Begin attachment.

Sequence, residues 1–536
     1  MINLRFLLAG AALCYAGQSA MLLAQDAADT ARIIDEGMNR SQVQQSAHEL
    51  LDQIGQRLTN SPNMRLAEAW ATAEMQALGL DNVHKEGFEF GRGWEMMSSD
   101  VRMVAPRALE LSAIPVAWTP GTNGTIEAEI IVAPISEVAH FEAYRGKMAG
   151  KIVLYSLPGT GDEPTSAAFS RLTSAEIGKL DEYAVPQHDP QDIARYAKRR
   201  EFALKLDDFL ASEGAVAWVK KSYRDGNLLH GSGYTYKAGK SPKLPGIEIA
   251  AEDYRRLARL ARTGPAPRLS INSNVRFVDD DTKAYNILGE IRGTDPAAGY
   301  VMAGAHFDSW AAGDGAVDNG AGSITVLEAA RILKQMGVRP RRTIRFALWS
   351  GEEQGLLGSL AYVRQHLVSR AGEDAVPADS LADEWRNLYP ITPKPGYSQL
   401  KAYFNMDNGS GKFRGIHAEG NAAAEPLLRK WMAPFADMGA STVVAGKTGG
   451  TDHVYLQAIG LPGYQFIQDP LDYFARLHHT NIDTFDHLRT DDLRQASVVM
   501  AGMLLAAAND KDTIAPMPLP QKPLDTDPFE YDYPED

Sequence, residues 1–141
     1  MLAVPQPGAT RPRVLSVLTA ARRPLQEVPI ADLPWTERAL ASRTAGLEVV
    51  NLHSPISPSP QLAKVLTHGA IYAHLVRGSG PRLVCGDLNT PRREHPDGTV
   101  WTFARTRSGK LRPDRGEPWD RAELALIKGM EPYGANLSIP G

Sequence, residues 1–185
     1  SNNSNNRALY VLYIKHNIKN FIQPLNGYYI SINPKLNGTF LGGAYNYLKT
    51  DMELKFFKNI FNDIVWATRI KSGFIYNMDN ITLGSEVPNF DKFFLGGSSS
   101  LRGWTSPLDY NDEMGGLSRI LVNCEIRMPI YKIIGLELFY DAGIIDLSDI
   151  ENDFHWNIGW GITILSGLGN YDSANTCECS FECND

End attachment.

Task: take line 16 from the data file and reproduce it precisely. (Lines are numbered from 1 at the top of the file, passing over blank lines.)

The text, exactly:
   101  WTFARTRSGK LRPDRGEPWD RAELALIKGM EPYGANLSIP G